If $p$ is a prime, how many elements of $\{1, \ldots,( p^n) − 1\}$ have an inverse modulo $p^n$?

Question: If $p$ is a prime, how many elements of $\{1, \ldots , (p^n) − 1\}$ have an inverse modulo $p^n$?

I've been mulling this problem over for days, and I still have absolutely no idea what it is asking or how to even approach it. Any help would be greatly appreciated.

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Everybody except the people divisible by $p$. These are $p$, $2p$, and so on up to $(p^{n-1}-1)p$. How many of them are there?

It is somewhat smoother to consider the numbers $1$ to $p^n$, and remove those that are divisible by $p$.

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Hint: By the Bezout identity for the gcd, the invertible elements mod $p^n$ are precisely those elements coprime to $p^n$, i.e. coprime to $p$. But a natural $< p^n$ is not coprime to $p$ iff it has form $m p$ for $\:0 \le m < p^{n-1}$. Removing these $p^{n-1}$ non-coprime elements leaves $\ldots$ elements coprime to $p$.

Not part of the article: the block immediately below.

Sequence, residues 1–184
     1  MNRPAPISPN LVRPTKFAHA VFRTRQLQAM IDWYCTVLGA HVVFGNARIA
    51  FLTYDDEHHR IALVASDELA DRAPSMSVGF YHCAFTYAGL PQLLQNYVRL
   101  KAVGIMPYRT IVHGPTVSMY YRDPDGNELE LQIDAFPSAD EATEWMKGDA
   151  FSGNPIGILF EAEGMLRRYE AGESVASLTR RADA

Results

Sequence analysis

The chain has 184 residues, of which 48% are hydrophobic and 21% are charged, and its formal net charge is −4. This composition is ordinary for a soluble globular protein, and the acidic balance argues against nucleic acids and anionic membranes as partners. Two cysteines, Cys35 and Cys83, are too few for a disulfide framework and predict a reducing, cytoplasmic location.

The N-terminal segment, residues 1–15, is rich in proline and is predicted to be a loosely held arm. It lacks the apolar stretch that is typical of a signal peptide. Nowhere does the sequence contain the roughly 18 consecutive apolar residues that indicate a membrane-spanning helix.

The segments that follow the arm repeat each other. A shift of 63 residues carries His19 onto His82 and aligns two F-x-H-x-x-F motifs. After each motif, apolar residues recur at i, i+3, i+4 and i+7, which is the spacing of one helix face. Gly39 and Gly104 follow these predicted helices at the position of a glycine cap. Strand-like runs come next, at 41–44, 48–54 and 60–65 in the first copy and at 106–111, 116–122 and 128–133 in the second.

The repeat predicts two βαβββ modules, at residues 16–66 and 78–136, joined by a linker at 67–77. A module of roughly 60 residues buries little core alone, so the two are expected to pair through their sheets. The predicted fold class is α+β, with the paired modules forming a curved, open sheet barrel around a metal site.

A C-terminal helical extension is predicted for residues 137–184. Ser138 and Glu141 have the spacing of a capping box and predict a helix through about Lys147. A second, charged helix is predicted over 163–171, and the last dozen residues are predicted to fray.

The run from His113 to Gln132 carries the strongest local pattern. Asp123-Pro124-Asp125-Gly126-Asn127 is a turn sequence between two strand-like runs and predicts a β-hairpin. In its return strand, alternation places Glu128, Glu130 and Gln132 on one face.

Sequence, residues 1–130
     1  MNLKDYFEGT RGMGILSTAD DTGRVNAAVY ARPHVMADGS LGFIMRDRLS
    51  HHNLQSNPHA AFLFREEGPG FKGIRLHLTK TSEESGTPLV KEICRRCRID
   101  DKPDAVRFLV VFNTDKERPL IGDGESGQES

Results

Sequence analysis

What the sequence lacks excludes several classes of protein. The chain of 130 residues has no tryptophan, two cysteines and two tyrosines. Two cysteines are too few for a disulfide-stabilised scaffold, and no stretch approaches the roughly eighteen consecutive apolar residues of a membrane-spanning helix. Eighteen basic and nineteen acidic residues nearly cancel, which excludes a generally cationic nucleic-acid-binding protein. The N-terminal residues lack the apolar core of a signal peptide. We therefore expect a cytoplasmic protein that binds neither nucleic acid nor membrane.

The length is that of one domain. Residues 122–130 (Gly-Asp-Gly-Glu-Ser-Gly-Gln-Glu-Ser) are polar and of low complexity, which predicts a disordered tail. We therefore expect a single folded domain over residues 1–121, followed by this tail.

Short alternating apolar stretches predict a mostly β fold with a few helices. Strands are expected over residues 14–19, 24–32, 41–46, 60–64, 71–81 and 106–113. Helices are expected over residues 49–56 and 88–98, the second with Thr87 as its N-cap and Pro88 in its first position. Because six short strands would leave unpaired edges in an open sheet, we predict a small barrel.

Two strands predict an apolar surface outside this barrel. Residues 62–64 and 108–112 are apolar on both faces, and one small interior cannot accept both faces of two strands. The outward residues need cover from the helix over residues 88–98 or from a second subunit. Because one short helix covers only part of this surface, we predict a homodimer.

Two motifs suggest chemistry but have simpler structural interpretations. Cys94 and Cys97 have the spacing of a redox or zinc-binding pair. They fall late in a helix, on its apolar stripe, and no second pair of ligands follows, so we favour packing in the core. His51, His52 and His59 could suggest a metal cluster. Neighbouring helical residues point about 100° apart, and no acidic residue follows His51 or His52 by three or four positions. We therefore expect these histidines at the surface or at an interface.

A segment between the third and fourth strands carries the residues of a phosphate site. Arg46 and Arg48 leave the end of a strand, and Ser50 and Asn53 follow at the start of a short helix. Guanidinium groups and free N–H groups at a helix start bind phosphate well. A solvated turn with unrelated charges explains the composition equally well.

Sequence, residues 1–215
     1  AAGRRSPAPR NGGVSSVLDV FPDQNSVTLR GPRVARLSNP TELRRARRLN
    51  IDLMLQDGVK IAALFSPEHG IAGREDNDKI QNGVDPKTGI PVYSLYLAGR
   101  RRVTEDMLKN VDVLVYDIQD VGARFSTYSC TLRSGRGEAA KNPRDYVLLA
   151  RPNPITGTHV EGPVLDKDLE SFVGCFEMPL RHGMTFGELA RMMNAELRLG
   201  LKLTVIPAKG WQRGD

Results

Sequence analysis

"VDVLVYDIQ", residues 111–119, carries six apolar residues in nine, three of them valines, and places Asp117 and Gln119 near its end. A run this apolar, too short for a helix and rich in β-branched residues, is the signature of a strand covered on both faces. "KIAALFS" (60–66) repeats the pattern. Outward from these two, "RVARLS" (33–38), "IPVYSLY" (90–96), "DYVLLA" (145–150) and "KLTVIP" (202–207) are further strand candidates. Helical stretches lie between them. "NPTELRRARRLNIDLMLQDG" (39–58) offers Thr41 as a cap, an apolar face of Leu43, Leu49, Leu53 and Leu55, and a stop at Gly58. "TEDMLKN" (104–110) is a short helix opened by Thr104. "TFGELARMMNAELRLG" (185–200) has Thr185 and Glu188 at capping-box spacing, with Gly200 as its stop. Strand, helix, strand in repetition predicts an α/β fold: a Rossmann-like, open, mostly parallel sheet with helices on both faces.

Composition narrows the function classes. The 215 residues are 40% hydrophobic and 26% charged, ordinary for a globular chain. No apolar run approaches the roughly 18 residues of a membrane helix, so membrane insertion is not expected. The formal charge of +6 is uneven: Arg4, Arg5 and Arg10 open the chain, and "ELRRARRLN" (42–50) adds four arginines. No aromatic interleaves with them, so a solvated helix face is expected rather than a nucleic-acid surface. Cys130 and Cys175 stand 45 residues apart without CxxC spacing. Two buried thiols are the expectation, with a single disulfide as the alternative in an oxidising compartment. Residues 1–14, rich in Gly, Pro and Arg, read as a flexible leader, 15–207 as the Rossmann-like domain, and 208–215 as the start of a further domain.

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More generally one can ask how many elements of $\{1,\ldots,m-1\}$ have an inverse modulo $m$. The answer is that all of them that have no common divisor with $m$ except $1$. Thus if the fraction $k/m$ is in lowest terms then $k$ has an inverse modulo $m$ and otherwise it does not. If $m=p^n$ then $k/m$ is in lowest terms if and only if $k$ is not divisible by $p$.

The number of such numbers is $\varphi(m)$, i.e. Euler's totient function evalutated at $m$.

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All the elements in the list except the ones that are multiples of $p$. This is because all the numbers in the list are relatively prime to $p$, except the ones that are divisible by $p$.

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